Monday, February 18, 2013

Dinner with G & Crystal over Morroccan Tagine and Red Wine

For Christmas this year, Dad and Vicki gave us this beautiful pottery called a Tagine. (tah-jscheen) Maybe that didn't help. Anyway, here is what wikipedia had to say about it to give you an idea.
tajine or tagine (Arabic: طاجين tajin from the Persianتابه‎ tabe[1]) is an historically Berber[2] dish from North Africa that is named after the special earthenware pot in which it is cooked. A similar dish, known as tavvas, is found in the cuisine of Cyprus. The traditional tajine pot is formed entirely of a heavy clay, which is sometimes painted or glazed. It consists of two parts: a base unit that is flat and circular with low sides and a large cone- or dome-shaped cover that sits on the base during cooking. The cover is designed to promote the return of all condensation to the bottom. With the cover removed, the base can be taken to the table for serving.
So we called up G and Crystal Friday night, set the ipad up against a picture frame (which is the greatest discovery I have made in a while) and had dinner with them. This particular recipe is so hearty, filling and delicious, you can't resist eating it slowly and savoring all the interesting flavors.

Since we have a coil burner, we had to have one of those ceramic heat distributors. I cooked the entire dish in the Tagine. Saute the onions and spices over the stove and then you add the meatballs, carrots, tomatoes, golden raisins and broth, put the lid on and bake it in the oven. The spinach just has to wilt so I just mixed it in fresh at the end and it was ready to go without putting it back in the oven.You can do this in a cast iron stew pot with a lid too. The recipes online are a little big to fit in mine so keep that in mind if you make it in a traditional Tagine.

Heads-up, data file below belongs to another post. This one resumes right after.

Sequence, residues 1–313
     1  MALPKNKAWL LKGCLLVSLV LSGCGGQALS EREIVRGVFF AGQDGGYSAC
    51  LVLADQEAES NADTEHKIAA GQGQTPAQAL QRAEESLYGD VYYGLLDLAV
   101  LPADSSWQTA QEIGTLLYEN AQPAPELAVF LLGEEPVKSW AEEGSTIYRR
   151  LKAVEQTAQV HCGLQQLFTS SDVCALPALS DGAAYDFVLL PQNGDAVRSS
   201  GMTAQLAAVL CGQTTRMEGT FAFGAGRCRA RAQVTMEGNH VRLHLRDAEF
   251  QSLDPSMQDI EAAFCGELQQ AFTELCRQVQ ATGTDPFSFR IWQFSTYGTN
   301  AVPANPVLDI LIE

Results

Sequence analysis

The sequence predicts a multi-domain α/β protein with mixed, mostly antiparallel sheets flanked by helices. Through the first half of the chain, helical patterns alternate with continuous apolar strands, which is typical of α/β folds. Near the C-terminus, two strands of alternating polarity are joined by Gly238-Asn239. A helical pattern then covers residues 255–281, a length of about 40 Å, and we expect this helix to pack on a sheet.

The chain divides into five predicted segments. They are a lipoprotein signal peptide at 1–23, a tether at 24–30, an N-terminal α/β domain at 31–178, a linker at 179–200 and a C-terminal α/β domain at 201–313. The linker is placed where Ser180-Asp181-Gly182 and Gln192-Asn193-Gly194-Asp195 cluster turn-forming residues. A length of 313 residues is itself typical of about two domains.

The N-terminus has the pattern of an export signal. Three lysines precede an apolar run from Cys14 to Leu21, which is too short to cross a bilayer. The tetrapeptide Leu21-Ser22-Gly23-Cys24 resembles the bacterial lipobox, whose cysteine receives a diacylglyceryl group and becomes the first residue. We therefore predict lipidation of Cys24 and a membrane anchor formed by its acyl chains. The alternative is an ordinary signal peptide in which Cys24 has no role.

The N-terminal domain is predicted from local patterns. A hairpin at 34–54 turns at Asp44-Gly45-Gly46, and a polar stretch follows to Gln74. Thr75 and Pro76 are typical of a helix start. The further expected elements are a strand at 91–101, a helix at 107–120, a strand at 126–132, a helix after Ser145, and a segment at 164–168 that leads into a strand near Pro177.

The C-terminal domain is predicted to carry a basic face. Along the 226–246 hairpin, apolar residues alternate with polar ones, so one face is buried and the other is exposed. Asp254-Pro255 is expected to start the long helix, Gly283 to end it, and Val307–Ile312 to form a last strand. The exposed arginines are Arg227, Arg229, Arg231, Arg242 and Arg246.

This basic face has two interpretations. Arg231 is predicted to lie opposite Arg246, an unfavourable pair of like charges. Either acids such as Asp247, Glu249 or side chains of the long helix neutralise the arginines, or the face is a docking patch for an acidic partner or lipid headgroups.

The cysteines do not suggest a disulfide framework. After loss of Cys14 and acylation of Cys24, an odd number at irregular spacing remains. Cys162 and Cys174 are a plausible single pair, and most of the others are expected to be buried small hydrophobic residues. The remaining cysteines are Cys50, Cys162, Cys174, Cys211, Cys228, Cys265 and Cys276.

I doubled the meatballs and we only used about 1/3 of them (about 2-3 per serving if you aren't a big meat eater) and froze the rest for another night. I used a mix of grass fed beef and ground elk meat from Peyton and Justin's hunt this past fall. Delish!

*Saffron's expensive, so skip it if you want. You get the yellow color from the turmeric anyway and I haven't noticed a huge difference without it. Serve it in bowls over prepared cous cous and you have a one pot meal!

Go here for the Morroccan Meatball Tagine recipe.

Thanks guys for the dinner date! Now we just need to figure out how to play Settlers over the ipad...

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